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Saul Loeb/Pool Photo via AP

President Trump has tried using economic leverage over China as a way to coerce them into helping the U.S. with North Korea. It hasn't worked well so far, but Trump's optimism on securing China's help seemed to come back today when he tweeted about his "excellent meeting on trade & North Korea" with China's President Xi Jinping.

But Trump's tone on China changes month to month, and there's been a clear difference in his views on Twitter compared to what he says to President Xi in person.

Why it matters: Axios' Jonathan Swan points out Trump tried his charm on Xi — lavishing him in hospitality at Mar-a-Lago — but has already discovered that Xi cannot, or is unwilling to, do what's required to stop North Korea's rush to develop nukes — so now he's getting tough on trade with Xi. But his ever-changing tone could discourage Xi from cooperating.

Today during their meeting at the G20 Summit, Trump told President Xi:

"We are developing, and have developed, a wonderful relationship. I appreciate the things that you have done relevant to the very substantial problem that we all face in North Korea — a problem that something has to be done about. And I'm sure whether it's on trade or whether it's on North Korea ... we will come to a successful conclusion. ... And I know that China in particular, which is a very great trading partner, we will be able to do something that is equitable and reciprocal."

Just this week he tweet-shamed China about their trade with North Korea: "Trade between China and North Korea grew almost 40% in the first quarter. So much for China working with us - but we had to give it a try!"

In June, Trump's view on China wasn't great: "While I greatly appreciate the efforts of President Xi & China to help with North Korea, it has not worked out. At least I know China tried!"

In April, Trump said things were "tremendous": "It was a great honor to have President Xi Jinping and Madame Peng Liyuan of China as our guests in the United States. Tremendous..."

  • But later that same month, he changed his tone, a few times: "North Korea is looking for trouble. If China decides to help, that would be great. If not, we will solve the problem without them! U.S.A."
  • "Had a very good call last night with the President of China concerning the menace of North Korea."
  • "Why would I call China a currency manipulator when they are working with us on the North Korean problem? We will see what happens!"
  • "I have great confidence that China will properly deal with North Korea. If they are unable to do so, the U.S., with its allies, will! U.S.A."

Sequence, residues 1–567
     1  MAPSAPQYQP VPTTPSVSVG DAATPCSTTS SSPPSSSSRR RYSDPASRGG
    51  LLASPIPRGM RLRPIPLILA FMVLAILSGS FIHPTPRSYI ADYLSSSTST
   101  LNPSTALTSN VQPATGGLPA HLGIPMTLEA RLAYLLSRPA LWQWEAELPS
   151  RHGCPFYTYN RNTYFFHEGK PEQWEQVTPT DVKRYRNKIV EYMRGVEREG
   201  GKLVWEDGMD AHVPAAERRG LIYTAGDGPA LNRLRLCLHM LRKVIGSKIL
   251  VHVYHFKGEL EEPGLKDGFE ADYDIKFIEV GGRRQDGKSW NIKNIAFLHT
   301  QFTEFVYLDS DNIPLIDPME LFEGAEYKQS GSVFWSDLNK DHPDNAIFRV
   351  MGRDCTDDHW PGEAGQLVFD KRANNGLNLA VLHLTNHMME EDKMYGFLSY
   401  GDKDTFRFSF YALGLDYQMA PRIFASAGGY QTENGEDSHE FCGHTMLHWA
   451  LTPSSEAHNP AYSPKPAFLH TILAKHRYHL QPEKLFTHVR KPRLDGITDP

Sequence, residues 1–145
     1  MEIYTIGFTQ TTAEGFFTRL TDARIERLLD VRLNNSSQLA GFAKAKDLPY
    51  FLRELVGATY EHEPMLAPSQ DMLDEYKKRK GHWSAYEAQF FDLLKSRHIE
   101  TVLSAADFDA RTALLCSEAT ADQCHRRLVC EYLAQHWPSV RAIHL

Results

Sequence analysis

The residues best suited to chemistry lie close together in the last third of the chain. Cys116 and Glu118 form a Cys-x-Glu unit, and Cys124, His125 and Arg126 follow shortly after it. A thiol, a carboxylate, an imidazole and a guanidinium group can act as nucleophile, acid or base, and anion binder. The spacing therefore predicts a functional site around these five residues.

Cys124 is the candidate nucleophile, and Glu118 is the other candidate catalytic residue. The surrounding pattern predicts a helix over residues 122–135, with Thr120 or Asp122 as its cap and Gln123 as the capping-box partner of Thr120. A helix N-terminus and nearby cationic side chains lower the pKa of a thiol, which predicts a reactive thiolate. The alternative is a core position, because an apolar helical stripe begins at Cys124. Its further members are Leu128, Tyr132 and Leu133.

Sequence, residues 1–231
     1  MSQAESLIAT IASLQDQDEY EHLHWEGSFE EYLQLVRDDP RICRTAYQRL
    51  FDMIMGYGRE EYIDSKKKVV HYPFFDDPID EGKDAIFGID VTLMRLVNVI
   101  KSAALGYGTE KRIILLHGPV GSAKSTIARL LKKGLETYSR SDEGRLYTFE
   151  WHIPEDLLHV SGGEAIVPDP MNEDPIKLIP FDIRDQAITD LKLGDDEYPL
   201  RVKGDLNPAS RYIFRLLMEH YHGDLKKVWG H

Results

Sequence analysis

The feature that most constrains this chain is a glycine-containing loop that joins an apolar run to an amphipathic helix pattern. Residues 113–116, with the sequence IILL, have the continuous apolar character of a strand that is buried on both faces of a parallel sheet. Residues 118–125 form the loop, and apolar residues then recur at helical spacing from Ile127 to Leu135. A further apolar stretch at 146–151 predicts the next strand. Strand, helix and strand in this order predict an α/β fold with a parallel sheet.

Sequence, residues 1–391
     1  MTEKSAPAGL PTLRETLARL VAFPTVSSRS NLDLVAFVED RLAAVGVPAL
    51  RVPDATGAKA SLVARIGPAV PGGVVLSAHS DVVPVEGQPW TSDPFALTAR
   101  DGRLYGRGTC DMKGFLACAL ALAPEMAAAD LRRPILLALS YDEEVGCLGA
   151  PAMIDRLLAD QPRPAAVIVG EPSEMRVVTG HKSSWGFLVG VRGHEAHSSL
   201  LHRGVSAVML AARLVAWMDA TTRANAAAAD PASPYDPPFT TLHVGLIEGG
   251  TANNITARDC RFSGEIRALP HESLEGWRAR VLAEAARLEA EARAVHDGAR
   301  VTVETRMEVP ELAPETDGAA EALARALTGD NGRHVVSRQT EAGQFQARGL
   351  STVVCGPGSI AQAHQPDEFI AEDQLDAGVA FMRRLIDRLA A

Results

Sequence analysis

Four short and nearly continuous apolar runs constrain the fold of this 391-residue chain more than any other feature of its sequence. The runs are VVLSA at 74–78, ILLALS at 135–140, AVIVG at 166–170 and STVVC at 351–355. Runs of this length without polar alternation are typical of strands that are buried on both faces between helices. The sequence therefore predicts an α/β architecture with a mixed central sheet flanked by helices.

• And he used economic leverage against them: "I explained to the President of China that a trade deal with the U.S. will be far better for them if they solve the North Korean problem!"

In March, Trump insisted China wasn't doing enough:

"North Korea is behaving very badly. They have been "playing" the United States for years. China has done little to help!"

In January, Trump tweeted: "China has been taking out massive amounts of money & wealth from the U.S. in totally one-sided trade, but won't help with North Korea. Nice!"

Programming note: In the official White House readout of their meeting, it referred to Xi as the leader of the "Republic of China," which is actually Taiwan. Xi is the leader of the People's Republic of China.

Go deeper

Ina Fried, author of Login
25 mins ago - Technology

Intel CEO sees making own chips as a matter of national security

Pat Gelsinger. Photo: Axios on HBO

Intel CEO Pat Gelsinger is putting the pressure on the U.S. government to help subsidize chip manufacturing, insisting the current reliance on plants in Taiwan and Korea as "geopolitically unstable."

Why it matters: There is bipartisan support for funding the domestic semiconductor industry, but Congress has yet to sign the check. The Senate has passed the CHIPS Act that includes $52 billion in semiconductor investment, but it has yet to pass the House.

Updated 28 mins ago - World

17 U.S. and Canadian missionaries kidnapped in Haiti

Haitian soldiers guard the public prosecutor's office in Port-au-Prince this month. Photo: Richard Pierrin/AFP via Getty Images

Children are among a group of 17 missionaries kidnapped in Port-au-Prince, Haiti, per a statement from Christian Aid Ministries Sunday.

The latest: "The group of 16 U.S citizens and one Canadian citizen includes five men, seven women, and five children," the Ohio-based group said. Haitian police inspector Frantz Champagne on Sunday identified the 400 Mawozo gang as the group responsible, in a statement to AP.

Ina Fried, author of Login
2 hours ago - Technology

Intel CEO wants to compete against Apple

Intel CEO Pat Gelsinger hasn't given up on the idea of the Mac once again using Intel chips, but he acknowledges it will probably be years before he gets that chance.

  • In the meantime, he is focused on powering Windows machines that give Apple CEO Tim Cook a run for his money.

Why it matters: In getting pushed out of the Mac, Intel not only lost a customer but picked up a new rival.